The broader issue of Government and State agency advertising is, of course, a sensitive one, for in theory fluctuations in spend could be misused as hidden leverage – a potential backdoor route to influence – and, for now, the distribution of such revenue is massively opaque

So, where’s the good news? It could, unlikely as this might sound, be knocking around the polling station. A news media industry that operates free of government interference is both an essential component of democracy and a beneficiary of that democracy and its processes. In short, mass trips to the ballot box can be useful for business.

Globally, the electorate in more than 60 countries, representing more than half the world’s population, are set to cast some sort of vote this year. Here, the general election doesn’t have to be until the first quarter of 2025, but the local and European elections will definitely be June. Throw in the two referendums on March 8th, and it’s all fun times for poster printers, schoolchildren who fancy a day off and, yes, much of the media.

That’s because even if these events fail to drive audience levels beyond the odd temporary boost here or there, the heightened political climate could serve to remind advertisers that news publishers offer a better-quality environment for their messages than toxic, idiocy rewarding and/or bot-ridden social media platforms.

“I think this is a chance for print media, and all news media, to maybe stand up and own this [election] space,” Colm Sherwin, Core’s chief digital and investment officer, told RTÉ Radio 1′s Morning Ireland.

Core’s Outlook 2024 report concludes that tech companies are “losing the battle when it comes to both misinformation and disinformation”. Algorithms prioritising views over verified information could wind up pushing people to more trusted content – and that, as the Reuters Institute’s annual Digital News Report shows, means the news industry.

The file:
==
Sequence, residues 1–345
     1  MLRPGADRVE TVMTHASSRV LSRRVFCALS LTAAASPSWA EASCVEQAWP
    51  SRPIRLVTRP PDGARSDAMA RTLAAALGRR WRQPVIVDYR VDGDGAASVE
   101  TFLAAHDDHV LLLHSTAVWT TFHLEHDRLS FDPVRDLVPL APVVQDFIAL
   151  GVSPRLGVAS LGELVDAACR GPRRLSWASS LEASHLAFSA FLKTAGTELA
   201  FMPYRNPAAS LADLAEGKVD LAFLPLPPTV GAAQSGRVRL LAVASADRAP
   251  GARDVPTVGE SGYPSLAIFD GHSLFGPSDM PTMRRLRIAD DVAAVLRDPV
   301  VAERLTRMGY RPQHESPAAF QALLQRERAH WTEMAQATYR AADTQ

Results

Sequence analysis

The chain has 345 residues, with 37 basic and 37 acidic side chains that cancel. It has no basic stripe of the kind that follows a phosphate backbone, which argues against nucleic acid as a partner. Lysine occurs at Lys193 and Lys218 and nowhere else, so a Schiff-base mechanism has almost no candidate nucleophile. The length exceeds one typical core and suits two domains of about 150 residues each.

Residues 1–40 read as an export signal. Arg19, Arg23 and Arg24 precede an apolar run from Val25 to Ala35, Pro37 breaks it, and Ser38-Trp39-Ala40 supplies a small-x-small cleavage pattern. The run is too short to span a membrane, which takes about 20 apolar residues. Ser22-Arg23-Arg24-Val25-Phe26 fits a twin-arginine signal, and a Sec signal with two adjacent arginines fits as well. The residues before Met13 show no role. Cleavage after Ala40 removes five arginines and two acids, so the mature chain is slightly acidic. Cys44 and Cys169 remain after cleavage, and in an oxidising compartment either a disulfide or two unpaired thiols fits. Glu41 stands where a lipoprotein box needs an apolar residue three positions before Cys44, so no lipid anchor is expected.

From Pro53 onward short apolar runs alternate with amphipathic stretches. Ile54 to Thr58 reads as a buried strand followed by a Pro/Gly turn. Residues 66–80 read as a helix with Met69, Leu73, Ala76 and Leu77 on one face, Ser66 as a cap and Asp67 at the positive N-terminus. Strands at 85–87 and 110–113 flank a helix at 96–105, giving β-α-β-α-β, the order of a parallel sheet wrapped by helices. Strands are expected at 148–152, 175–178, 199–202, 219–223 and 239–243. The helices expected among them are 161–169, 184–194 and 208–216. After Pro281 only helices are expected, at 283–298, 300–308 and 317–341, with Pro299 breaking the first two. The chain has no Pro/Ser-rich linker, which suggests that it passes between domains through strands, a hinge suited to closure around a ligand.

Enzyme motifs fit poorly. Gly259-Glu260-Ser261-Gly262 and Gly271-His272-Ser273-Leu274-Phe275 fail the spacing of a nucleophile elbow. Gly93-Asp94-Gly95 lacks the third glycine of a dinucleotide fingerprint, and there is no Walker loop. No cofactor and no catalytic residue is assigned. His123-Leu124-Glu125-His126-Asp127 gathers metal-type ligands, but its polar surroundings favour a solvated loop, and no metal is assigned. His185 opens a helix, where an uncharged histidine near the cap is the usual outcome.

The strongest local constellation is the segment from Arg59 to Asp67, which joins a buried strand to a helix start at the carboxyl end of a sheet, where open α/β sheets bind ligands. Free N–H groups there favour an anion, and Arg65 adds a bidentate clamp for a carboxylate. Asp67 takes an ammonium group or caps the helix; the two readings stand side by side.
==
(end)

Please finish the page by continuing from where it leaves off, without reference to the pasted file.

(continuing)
“This is something we would certainly promote in Core to advertisers,” said Sherwin.

And then there’s the drip-feed of revenue from public information campaigns courtesy of the Electoral Commission, which news industry bodies Newsbrands Ireland and Local Ireland watch closely. When the commission initially excluded local newspapers from one campaign last year, the matter was raised at an Oireachtas committee, prompting chief executive Art O’Leary to respond that members could be “reassured that local media will play a very important part for us”.

The broader issue of Government and State agency advertising is, of course, a sensitive one, for in theory fluctuations in spend could be misused as hidden leverage – a potential backdoor route to influence – and, for now, the distribution of such revenue is massively opaque. As was noted at last week’s launch of the Media Ownership Monitor Ireland website, there are no rules about and little data on where Government advertising money goes.

That should change eventually when the European Union’s European Media Freedom Act is enacted and transposed into Irish law, ushering in a “transparent and non-discriminatory” regime for the allocation of State advertising revenue – then, at least, news industry groups will be able to see exactly how much of the money is going elsewhere.

Newspapers themselves, meanwhile, remain in the CPI basket. Phew, etc. Speaking of triggers for the consumption of gin, the television licence fee is still in there too.